What is Freeside?

Freeside is a Georgia nonprofit corporation, organized to develop a community of coders, makers, artists, and researchers in order to promote collaboration and community outreach. Learn more »

Building Shelves

It is becoming increasingly evident that one component of a successful hacker space is good storage. The problem is that most shelf systems out there are pretty expensive. After a recent meeting we started brain storming different shelf designs and finally settled on one. Convinced that we could save money by building our own shelves we set out to the local hardware store with a materials list. After rounding up all the needed materials and renting a truck we headed back to Freeside.

We quickly refined a procedure and started building our shelves. We were only able to complete the first four sections of shelves by the end of the day, but we were very proud of our work and we still have enough material to make 8 more shelf units. Many thanks to everyone who helped build shelves and I hope you are able to make it to the next work day!

Here is an album of the build and some pictures of the completed shelves:

A Creative Space

A notable quote from a Freeside member:
If you haven't had the chance to just go to the space and hang out a bit, do it! the place will get your creative juices flowing, I can't explain it but it just a great feeling.. Thanks to all that have put so much hard work into the space..

I think this sentiment sums up the hacker space phenomenon rather well. It is well worth the effort.

Diving into python

Last night we held our first Python night, where I gave an introductory course into Python. We had a strong showing of both members and non-members who were eager to learn, and we were able to hammer through the basics in about an hour.

Next week we'll be doing a quick re-cap of the basics, and continue diving into the depths of the language. Current agenda includes object-oriented programming and handling exceptions. I'm also going to cook up some exercises for attendees to work on so we can flex our editors and interpreters.

If you missed this week's class and are new to the language, the course is essentially a modified version of the (free! online!) book Dive into Python. We covered the first four chapters last night. Feel free to read up, and if you get stuck--bring your questions next week!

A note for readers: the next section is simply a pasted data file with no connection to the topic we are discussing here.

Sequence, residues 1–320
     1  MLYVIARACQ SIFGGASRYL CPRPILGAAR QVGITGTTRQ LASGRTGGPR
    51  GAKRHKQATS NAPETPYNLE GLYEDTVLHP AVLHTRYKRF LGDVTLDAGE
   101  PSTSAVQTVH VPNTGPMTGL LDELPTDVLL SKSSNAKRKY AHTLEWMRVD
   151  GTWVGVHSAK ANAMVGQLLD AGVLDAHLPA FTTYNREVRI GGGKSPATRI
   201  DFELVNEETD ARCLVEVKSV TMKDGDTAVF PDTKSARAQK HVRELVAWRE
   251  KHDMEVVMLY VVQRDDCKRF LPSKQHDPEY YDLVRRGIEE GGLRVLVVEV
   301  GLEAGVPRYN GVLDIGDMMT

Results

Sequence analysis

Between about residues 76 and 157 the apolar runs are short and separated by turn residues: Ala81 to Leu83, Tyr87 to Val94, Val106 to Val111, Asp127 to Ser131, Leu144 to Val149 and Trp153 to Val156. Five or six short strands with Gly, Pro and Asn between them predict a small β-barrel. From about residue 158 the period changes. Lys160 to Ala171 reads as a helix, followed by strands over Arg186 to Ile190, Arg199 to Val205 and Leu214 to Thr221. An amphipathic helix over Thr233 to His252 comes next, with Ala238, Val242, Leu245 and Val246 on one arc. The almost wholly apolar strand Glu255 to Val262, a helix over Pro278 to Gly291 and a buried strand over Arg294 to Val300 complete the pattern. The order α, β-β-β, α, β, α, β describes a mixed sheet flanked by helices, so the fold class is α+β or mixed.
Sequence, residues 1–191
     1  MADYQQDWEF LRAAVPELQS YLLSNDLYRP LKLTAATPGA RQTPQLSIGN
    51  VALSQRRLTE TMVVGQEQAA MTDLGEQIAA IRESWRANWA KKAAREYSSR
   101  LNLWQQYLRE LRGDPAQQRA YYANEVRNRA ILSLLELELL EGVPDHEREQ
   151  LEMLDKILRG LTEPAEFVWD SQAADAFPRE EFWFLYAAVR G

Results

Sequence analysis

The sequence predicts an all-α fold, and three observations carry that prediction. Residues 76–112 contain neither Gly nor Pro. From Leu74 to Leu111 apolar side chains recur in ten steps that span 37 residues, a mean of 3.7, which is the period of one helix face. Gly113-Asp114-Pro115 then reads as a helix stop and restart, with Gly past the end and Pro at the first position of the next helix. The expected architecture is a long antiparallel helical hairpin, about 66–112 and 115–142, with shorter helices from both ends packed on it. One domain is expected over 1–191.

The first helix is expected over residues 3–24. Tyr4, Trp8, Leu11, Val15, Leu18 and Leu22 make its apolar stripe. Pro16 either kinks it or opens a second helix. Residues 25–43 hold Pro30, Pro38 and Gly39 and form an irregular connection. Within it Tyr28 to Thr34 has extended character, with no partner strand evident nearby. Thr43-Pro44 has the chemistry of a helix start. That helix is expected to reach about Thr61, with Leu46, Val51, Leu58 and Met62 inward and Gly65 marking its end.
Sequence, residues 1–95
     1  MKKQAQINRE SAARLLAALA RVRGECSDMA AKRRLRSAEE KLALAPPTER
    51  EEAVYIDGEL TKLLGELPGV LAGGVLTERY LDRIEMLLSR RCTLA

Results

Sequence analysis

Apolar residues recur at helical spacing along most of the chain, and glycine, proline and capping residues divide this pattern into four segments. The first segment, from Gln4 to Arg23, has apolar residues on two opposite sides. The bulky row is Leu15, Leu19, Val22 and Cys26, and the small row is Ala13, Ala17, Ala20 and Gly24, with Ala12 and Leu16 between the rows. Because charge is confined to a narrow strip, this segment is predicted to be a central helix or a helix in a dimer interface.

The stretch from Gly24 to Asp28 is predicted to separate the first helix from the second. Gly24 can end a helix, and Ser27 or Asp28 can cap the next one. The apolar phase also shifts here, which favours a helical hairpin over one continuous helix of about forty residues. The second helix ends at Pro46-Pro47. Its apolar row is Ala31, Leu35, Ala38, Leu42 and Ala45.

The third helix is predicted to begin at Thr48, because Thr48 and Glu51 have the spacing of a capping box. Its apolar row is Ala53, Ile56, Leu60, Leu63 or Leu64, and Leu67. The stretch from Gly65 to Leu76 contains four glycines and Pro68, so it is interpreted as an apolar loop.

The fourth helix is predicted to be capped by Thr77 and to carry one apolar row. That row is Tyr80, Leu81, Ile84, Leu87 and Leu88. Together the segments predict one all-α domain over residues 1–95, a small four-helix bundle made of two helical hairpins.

Circuit bending workshop


[Reposted from Dan's email]

Just sending out a little update about the Circuit Bending Workshop/Class. We had 9 people attend, 4 non-members, 5 members. We killed 2 toys but managed to salvage parts and useful bits from them. I'm going to make the workshop every other week. So 2 weeks from today (August 26th) we will meet from 7(ish) to 9(ish) to hack and bend circuits. I'm going to order up more kits and parts for the next class as well as hunt for more toys. Please drop me an email if you would like to Sign up for the class and reserve/prepay for a kit. If you happen to have spare toys sitting around your house that you would like to donate please let me know, I'll be happy to come pick them up.

I also want to thank everyone for coming out. I hope you all had a blast.

Second Walk-through

I stopped by the space to drop off some equipment yesterday, and took a minute to do another walk-through video.

Introducing Freeside!

[Cross-posted from the 2009-07-01 entry on my personal blog.]

In January, I asked if anybody in Atlanta was interested in starting a hacker space.

Turns out, many people were indeed interested!

To say I've been pleasantly surprised would be a huge understatement. In a few short months, we've organized a thriving group of more than 50 dues-paying members -- with another 70 on-lookers, judging by the mailing list -- and we have recently signed a lease to make this thing a reality.

We've met just about every Monday night at Manuel's Tavern to organize our effort and discuss specifics.

We spread out across the city to investigate dozens of potential properties for lease. I think we drove the real estate agents a little batty with all of our questions. We were thorough.

We analyzed other hacker spaces, with an eye on the lessons they learned. We made a huge effort to replicate things that went well with the others, and avoid things that did not.

Our wiki became a repository for all of our organizational work. In June, it received an average of 64 unique visits per day. (A nice power of two, no less.)

We have had a lot of fun doing this. We've talked, drank, debated, agreed, disagreed, and altogether have become better friends throughout the whole process.

I'm happy to announce that as of July, 2009, the Freeside Atlanta hacker space has become a reality!

Freeside Lives!

Watch here for exciting news about Freeside, Atlanta's hackerspace.